Q. Won't housing restrict the ability to have events in Singleton Park if new residents object?

A. This will be dealt with as part of the sale of the property so that events will be able to continue in Singleton Park in the way they always have and in accordance with the council's events policy for the park.

Q. What about the views of the public? Don't they count?

A. Yes, such views are really important to us. No firm decision has yet been made - and public consultation will take place once any planning application is submitted in the usual manner.

Q. How does this instance tie in with how the council manages its assets?

A. We work within our Council Asset Management Plan.

Q. You say that Home Farm will have "sensitively developed housing." What do you mean by this?

A. Home Farm is not green space or a park - it has historic buildings and is a works depot with an industrial use. Any development would improve the immediate local environment. Right now, we are investigating future uses - just as we are reviewing all our other depot sites. The usual planning process will be followed for any potential development and all existing buildings will be protected. There is no decision yet. We'll invest any returns back into council services and, for that reason, we must do our best to maximise any returns.  

Q. isn't Home Farm part of Singleton Park?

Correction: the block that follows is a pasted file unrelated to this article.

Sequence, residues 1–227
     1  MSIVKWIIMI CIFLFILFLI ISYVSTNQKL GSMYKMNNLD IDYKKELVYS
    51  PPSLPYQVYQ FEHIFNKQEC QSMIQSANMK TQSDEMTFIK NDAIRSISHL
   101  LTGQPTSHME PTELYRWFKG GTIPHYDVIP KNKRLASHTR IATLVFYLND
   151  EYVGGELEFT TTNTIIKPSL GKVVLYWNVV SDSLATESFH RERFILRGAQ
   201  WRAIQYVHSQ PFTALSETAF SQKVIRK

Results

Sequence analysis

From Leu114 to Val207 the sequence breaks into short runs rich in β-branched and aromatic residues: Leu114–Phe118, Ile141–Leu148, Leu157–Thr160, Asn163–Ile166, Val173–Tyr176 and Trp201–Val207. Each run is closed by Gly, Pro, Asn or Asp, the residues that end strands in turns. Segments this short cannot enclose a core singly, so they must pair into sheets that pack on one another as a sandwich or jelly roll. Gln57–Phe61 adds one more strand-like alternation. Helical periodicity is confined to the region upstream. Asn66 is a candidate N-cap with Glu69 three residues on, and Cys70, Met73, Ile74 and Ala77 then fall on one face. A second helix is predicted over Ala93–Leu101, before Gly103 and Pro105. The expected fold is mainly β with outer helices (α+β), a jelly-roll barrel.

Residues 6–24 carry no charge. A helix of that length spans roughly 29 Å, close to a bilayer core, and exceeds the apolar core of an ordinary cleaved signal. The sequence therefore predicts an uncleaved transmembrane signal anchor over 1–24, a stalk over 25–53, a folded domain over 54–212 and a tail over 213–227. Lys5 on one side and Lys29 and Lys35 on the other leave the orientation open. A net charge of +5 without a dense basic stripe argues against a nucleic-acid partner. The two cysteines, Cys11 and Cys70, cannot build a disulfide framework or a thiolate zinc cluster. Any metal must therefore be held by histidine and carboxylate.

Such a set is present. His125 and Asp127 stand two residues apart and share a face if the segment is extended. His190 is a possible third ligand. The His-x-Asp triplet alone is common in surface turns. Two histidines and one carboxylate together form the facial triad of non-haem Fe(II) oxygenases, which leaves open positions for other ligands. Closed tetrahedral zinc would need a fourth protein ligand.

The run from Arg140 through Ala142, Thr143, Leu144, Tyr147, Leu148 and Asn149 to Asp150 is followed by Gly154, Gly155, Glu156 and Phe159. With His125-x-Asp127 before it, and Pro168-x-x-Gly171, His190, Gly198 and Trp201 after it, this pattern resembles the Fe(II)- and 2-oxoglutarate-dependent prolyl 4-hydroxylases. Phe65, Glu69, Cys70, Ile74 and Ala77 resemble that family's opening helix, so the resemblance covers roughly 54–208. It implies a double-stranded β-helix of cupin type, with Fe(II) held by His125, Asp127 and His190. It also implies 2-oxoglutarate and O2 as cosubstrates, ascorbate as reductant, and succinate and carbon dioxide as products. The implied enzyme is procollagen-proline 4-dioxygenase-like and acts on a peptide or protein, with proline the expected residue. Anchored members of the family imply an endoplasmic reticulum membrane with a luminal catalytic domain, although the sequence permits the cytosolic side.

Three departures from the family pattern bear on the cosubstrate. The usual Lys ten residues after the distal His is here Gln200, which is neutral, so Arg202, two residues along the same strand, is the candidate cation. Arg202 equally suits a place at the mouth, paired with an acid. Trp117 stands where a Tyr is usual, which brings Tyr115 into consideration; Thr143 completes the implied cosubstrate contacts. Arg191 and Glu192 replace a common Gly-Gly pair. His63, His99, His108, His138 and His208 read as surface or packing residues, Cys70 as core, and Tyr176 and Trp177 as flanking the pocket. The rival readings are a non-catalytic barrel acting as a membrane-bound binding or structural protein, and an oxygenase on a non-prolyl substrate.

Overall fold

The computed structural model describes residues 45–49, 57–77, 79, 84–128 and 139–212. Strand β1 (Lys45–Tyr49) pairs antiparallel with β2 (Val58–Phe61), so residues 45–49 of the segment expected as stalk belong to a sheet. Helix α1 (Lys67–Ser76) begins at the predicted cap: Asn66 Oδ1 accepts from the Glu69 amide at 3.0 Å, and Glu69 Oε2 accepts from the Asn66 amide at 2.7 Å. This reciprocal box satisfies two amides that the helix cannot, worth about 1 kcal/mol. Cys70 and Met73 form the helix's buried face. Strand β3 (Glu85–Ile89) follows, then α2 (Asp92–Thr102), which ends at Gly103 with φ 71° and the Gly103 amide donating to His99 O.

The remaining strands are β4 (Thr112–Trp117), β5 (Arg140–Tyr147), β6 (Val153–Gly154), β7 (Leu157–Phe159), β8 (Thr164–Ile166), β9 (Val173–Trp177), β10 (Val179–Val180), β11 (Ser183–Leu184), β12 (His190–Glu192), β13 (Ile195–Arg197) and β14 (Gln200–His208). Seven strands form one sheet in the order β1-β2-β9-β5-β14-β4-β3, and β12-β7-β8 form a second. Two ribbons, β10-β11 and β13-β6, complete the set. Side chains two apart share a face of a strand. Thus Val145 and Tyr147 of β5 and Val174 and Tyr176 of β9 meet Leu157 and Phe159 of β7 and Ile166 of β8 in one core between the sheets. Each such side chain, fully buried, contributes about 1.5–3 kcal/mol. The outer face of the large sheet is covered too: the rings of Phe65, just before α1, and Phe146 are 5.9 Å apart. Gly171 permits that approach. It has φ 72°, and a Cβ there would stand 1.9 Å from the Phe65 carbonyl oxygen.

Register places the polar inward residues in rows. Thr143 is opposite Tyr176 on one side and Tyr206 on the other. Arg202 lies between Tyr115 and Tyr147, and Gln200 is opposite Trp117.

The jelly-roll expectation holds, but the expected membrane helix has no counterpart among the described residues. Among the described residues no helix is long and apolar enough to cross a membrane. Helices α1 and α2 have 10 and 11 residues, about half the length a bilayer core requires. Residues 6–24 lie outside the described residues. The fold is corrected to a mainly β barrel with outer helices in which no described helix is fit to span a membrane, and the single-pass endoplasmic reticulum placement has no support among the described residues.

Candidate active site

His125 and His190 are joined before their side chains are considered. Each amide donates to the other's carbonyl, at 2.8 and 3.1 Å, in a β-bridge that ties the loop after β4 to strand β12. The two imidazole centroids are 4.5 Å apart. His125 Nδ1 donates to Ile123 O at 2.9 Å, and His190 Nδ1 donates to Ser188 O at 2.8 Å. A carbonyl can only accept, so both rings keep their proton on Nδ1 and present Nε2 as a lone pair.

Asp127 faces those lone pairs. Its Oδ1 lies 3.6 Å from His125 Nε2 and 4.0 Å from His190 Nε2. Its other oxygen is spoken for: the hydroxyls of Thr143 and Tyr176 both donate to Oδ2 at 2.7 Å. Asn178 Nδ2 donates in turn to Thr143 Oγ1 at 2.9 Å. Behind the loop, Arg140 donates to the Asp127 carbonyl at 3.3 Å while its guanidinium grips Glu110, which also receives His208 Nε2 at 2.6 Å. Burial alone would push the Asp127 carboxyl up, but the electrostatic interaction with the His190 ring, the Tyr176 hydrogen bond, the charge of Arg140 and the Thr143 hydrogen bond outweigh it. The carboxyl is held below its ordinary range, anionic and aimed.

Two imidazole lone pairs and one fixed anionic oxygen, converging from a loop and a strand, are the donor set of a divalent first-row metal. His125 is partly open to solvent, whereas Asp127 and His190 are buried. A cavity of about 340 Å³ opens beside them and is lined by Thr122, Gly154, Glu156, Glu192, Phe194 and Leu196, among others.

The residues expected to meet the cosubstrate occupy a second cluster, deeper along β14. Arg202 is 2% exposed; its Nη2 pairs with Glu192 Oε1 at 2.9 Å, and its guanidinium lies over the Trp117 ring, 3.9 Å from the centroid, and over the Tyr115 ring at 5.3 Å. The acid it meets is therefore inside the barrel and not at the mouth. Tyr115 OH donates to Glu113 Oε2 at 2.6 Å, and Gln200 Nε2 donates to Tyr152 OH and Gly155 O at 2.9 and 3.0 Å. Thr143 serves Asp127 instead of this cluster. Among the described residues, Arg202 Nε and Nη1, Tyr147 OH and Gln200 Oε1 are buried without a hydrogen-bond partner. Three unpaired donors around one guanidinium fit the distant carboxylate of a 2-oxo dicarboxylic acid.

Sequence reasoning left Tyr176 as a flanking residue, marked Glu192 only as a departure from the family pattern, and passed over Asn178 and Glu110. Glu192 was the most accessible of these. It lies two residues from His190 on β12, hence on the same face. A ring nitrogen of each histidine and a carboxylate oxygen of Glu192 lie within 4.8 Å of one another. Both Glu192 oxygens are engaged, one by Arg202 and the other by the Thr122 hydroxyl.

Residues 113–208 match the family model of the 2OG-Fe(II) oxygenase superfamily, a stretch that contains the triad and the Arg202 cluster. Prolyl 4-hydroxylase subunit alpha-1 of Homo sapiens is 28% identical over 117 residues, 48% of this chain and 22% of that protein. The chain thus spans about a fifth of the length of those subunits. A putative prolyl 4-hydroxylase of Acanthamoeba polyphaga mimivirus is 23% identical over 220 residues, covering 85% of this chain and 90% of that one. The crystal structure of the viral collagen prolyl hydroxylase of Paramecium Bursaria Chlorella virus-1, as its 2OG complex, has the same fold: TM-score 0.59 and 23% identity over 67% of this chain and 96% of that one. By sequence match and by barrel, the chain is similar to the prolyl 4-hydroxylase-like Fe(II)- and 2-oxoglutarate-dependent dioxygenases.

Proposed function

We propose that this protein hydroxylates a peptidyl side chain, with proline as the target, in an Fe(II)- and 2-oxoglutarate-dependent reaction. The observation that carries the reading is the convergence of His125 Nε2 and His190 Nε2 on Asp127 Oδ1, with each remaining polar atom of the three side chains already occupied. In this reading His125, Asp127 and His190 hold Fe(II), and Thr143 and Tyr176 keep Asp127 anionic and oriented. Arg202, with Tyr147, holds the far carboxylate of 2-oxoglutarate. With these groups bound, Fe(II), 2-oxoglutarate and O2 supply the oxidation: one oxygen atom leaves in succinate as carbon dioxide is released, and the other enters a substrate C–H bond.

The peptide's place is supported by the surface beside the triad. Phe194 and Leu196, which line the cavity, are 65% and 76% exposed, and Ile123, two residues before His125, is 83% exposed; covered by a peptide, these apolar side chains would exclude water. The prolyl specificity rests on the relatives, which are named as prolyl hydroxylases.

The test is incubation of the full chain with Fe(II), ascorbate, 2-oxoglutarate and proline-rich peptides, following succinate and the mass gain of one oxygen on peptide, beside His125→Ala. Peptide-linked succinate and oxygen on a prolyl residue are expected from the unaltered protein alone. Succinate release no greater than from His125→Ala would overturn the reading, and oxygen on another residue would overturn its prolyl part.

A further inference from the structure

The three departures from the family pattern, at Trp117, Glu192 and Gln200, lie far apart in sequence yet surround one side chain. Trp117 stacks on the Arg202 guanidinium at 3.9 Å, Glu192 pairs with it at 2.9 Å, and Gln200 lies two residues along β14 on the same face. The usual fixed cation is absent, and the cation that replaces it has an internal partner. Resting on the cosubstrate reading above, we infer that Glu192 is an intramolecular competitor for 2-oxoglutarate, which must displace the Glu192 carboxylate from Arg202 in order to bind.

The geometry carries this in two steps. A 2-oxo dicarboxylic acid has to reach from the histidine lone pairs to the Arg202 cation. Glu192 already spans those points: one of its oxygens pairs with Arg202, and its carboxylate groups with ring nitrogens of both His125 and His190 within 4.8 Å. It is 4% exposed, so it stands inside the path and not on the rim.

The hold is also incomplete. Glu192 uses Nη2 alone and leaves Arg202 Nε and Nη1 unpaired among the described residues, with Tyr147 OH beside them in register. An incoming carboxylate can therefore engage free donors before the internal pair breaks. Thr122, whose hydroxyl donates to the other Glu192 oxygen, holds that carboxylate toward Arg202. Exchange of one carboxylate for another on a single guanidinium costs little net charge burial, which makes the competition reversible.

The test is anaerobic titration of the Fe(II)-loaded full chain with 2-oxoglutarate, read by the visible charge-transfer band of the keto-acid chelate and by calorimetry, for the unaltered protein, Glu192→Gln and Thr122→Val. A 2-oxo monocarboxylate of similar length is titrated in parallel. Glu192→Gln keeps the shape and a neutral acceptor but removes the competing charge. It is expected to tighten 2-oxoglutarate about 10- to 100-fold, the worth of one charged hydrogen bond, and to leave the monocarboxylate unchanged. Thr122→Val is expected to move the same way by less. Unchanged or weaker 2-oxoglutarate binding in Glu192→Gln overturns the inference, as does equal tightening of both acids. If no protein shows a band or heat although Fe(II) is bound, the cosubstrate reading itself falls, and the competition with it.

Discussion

A. No. The boundary of Home Farm - currently comprising stone walls and high palisade security metal fencing - is a formal boundary with the park. No homes would be built outside the existing metal fence. Although Home Farm did form part of the original Singleton Estate, it is not part of Singleton Park.

Q. Is there really space to develop 42 homes at Home Farm?

A. Our initial scoping for the site shows that there is ample room for the homes we propose at this very early stage. Around 20 residential units would be in converted and improved existing stone buildings there, including the grade two listed farmhouse, the former stable block, the former grain store, the former engine house, the former cowshed and former farm cottages. Others - around 22 - would be new-build properties, their style in keeping with the existing historic structures. 

Q. Would the new homes be suitable only for wealthy people?

A. No. A proportion would be what is known as affordable homes - that is, they would be available to local people at a cost which they can afford rather than the local open market rates. The counci's housing and development management teams would be involved in safeguarding this approach.

Q. Isn't this just the council getting greedy?

A. No. The council needs money to run services for all its residents; our services include social services, education, road maintenance, waste collection and council housing. Most of that money comes from the council tax and from government funding - but that latter annual funding has fallen significantly in the past few years. To make up for that substantial shortfall we need to become increasingly commercial in our approach - without that services would be threatened. One way of doing that is making the land we own deliver more revenue. Moving the council depot away from Home Farm and working with a partner to produce ongoing revenue from housing there would be an efficient way of generating such revenue.  This approach will also be in accordance with the Local Government Act 1972 concerning obligations to generate best value for council assets.